You are all, I take it, familiar with Angry Birds: the fat round red birds, the rather irascible looking yellow triangular ones, the explosive black ones, the white ones that drop the incendiary eggs, the blue parrots with the boomerang tendencies… look, I know it’s addictive, but can you please stop playing it while I’m trying to talk to you?
The reason I mention it is that Rovio, the developer team behind Angry Birds, has just announced that it has received $42 million in Series A funding
in a round led by Accel Partners and Atomico Ventures. Now, for a (relatively) small mobile content developer $42 million is a substantial investment at the Series A stage, although – to be fair – Rovio does have form. Over the past fifteen months or so since the launch of Angry Birds, the company has been collecting enviable statistics and plaudits at a rate of knots, with more than 12 million downloads on the iPhone since launch (and, at $0.99 a pop, and at a 70% revenue share, I make that just over $8.3 million in cumulative revenues from the App Store) together with more than 30 million free downloads via the Android platform. Such was the demand for the game - put it down for five minutes, won’t you?
– that it infamously crashed the GetJar servers when it was first made available on that app store. Along the way, it also picked up a "Best App" award at the GSMA Mobile Awards in Barcelona last month.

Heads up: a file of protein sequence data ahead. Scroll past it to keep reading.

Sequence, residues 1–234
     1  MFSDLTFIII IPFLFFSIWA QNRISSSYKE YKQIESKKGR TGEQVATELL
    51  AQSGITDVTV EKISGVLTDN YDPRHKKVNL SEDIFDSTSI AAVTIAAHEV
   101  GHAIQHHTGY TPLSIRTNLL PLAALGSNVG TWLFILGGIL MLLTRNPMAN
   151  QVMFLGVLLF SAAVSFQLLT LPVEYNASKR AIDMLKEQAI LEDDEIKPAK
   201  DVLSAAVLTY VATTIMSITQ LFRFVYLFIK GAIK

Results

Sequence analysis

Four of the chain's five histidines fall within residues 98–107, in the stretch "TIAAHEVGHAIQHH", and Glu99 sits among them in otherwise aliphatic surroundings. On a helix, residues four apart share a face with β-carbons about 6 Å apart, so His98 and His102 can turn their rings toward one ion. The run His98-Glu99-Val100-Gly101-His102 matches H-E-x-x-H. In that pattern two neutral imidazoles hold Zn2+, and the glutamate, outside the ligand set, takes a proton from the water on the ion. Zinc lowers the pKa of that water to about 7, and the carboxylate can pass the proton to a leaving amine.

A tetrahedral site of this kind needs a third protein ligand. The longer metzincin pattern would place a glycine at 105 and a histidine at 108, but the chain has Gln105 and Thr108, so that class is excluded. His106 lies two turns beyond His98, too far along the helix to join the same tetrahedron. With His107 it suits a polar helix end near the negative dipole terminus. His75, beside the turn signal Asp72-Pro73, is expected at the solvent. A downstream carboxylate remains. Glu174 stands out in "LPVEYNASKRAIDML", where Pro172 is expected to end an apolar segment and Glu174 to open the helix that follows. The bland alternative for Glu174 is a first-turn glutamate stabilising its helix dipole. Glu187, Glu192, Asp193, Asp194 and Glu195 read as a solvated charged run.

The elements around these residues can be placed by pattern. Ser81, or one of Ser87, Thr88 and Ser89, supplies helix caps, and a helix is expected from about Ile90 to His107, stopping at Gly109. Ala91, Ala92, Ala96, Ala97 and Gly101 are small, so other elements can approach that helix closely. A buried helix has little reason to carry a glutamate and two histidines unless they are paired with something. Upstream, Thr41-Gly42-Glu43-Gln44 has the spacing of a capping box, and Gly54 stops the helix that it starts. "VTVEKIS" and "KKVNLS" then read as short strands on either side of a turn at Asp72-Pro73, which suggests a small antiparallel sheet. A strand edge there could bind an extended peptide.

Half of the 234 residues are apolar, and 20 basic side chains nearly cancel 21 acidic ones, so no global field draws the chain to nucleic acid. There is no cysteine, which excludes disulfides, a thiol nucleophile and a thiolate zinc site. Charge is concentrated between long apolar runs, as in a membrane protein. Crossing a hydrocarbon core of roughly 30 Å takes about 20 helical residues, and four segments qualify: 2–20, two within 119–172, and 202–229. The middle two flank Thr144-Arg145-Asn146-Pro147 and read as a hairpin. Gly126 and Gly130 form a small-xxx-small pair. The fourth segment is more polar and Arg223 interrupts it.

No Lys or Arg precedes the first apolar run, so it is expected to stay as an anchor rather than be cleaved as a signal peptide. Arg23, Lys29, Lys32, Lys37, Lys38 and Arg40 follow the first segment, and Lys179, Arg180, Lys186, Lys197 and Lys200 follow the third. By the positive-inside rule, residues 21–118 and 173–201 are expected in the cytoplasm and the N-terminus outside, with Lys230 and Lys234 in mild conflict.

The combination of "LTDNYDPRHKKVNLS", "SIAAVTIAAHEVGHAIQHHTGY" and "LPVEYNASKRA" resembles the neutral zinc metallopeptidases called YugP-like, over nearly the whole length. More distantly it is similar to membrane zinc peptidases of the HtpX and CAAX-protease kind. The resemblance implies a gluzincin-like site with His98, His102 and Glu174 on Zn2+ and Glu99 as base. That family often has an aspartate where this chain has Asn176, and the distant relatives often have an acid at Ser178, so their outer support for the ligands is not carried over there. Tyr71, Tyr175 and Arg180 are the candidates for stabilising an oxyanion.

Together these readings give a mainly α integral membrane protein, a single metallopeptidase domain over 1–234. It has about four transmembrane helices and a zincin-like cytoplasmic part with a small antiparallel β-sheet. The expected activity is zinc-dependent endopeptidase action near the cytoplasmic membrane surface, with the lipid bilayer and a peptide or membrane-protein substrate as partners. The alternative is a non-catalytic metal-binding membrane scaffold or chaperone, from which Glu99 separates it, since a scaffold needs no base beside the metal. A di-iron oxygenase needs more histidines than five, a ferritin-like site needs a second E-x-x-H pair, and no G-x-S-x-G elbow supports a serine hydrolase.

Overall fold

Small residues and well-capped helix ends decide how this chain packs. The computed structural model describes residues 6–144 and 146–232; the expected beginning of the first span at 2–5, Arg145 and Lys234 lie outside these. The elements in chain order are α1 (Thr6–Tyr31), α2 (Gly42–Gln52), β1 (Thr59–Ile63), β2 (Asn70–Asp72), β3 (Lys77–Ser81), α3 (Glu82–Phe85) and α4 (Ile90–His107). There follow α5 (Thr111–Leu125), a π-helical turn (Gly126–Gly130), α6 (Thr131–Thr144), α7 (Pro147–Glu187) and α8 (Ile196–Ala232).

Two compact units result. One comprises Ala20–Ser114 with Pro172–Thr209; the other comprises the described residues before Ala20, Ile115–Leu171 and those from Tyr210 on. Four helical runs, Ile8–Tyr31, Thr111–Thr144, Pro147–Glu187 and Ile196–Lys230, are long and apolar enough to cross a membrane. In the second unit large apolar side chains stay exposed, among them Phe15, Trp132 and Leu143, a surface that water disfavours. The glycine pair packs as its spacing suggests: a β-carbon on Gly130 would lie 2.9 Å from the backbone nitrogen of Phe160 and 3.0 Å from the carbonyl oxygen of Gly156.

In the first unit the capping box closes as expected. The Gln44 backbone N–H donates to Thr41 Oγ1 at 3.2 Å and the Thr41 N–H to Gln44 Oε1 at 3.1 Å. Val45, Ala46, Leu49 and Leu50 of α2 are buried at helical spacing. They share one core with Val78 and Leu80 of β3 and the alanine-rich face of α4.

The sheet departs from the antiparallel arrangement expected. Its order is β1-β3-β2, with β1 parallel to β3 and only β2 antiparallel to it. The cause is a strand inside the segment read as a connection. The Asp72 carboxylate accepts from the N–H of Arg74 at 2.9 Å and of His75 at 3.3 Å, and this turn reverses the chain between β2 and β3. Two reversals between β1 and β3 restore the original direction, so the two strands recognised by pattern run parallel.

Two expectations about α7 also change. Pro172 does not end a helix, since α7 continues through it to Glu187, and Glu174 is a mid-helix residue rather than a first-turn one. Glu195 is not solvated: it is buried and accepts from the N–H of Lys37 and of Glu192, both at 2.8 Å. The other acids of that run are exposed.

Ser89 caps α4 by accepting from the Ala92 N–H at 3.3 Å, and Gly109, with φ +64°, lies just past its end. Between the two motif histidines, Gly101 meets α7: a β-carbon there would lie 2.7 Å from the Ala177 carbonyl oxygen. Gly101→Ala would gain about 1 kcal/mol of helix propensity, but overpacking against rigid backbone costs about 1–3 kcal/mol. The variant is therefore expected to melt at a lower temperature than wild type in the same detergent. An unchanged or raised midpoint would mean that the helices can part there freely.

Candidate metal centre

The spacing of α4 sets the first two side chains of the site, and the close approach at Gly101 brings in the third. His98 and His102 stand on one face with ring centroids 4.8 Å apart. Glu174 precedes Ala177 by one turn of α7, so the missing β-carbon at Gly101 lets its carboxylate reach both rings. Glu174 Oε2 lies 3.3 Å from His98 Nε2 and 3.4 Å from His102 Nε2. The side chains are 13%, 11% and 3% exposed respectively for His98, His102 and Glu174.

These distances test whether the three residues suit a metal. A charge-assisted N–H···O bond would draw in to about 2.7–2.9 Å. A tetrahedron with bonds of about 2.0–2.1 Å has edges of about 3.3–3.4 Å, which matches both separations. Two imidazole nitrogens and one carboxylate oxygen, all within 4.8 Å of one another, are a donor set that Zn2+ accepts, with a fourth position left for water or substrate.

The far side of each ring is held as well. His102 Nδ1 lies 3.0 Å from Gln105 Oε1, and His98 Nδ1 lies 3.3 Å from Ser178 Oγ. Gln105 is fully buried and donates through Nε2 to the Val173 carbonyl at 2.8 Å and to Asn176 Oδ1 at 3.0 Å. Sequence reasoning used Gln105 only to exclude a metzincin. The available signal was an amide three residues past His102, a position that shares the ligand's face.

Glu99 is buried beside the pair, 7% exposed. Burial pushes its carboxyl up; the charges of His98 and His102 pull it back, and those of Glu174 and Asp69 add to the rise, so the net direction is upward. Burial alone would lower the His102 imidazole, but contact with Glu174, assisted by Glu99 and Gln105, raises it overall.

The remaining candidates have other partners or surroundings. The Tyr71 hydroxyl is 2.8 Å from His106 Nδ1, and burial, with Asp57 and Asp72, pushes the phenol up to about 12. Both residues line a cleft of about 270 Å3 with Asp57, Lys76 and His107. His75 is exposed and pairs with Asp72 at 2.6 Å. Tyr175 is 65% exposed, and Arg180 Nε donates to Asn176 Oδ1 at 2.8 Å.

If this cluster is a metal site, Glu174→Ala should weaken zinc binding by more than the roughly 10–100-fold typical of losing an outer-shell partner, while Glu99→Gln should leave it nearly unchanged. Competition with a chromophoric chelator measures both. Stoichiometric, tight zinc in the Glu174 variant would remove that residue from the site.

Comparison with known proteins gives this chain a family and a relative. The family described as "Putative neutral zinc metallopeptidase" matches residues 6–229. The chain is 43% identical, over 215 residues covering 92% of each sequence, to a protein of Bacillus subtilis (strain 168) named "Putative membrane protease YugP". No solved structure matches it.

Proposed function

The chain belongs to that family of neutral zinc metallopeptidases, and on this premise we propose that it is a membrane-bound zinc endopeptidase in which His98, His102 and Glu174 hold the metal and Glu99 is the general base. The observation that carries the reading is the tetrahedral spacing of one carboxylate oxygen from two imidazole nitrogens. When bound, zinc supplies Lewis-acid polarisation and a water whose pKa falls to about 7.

Unlike many other apps, we keep playing it. It is a staple of my train journeys of an evening; but fellow commuters who observe this bespectacled gent muttering to himself as he flicks furiously at his touchscreen can empathise, in that they, too, are hard at work trying to get that parrot to wheel round and knock the tower down. It appeals to all ages - perhaps its greatest achievement, certainly so in my eyes – is that it kept the kids quiet for the 30 or so minutes it took our meal to arrive last Friday evening. Such is the demand for Angry Birds that, according to Rovio, “40% of new customers on the iOS platform purchase the Mighty Eagle downloadable content”: thus, a nice little earner there also from virtual items.
And – in this is where it leaves most of its rivals trailing – we have here perhaps the first game, designed for a mobile handset, that has become a merchandising franchise. Rovio has shifted 2 million cuddly toys (two of them are sitting on my colleague’s desk); it has confirmed that an animated TV series is in the works. The Angry Birds are thus following in the footsteps of characters such as Mario and Sonic the Hedgehog, those respective creations of Nintendo and Sega which have successfully permeated just about every form of consumer good known to man.
With this in mind, my question is this: is the success of Angry Birds in this regard indicative of the fact that mobile content has now reached the point whereby we are likely to see a whole host of Angry Bird-a-likes making the transition from downloadable app to TV series and/or cuddly toy? That mobile is now of equivalent standing to other, more established gaming/content devices? Or is it simply that the guys are Rovio were far ahead of the game in this regard, that it represents an exception that is unlikely to be equalled by other mobile content players in the short term?
You don’t care, do you? You’re trying to wipe the smirks off those green pigs.